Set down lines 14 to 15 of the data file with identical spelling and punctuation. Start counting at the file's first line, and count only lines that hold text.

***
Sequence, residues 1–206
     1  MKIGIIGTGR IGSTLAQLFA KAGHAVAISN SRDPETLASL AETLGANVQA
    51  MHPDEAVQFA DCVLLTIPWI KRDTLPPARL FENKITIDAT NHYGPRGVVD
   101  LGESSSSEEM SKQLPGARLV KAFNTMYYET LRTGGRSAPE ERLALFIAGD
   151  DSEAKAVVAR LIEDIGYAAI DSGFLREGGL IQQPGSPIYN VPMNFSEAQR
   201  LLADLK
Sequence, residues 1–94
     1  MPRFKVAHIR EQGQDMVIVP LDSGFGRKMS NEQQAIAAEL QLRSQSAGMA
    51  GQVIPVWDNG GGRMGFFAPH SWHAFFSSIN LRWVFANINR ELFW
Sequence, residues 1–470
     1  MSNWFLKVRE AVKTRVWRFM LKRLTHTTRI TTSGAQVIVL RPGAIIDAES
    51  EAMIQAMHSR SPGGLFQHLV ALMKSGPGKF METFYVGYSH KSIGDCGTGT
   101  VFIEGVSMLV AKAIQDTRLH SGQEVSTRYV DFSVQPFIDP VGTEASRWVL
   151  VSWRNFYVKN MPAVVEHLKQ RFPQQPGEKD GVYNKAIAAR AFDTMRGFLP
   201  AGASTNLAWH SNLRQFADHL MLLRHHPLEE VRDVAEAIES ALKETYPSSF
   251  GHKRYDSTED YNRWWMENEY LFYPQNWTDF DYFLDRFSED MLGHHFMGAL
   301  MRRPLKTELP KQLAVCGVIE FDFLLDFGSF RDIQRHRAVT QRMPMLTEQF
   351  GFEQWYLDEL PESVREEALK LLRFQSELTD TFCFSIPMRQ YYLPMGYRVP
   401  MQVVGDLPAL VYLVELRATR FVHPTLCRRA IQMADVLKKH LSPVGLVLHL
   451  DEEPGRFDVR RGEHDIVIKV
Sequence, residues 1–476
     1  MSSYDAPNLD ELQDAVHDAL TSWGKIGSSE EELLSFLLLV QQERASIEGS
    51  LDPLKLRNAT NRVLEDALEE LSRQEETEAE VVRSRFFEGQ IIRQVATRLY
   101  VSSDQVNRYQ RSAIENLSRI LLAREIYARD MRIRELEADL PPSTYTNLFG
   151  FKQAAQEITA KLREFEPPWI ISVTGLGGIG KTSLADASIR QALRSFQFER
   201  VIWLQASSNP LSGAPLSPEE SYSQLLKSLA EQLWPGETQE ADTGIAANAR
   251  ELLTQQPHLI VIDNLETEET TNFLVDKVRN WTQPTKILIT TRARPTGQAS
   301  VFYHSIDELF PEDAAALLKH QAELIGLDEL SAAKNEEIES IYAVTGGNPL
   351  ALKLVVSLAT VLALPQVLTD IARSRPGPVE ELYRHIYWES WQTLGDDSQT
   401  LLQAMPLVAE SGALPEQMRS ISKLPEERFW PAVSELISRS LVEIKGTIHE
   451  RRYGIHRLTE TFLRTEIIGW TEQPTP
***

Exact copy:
   151  VSWRNFYVKN MPAVVEHLKQ RFPQQPGEKD GVYNKAIAAR AFDTMRGFLP
   201  AGASTNLAWH SNLRQFADHL MLLRHHPLEE VRDVAEAIES ALKETYPSSF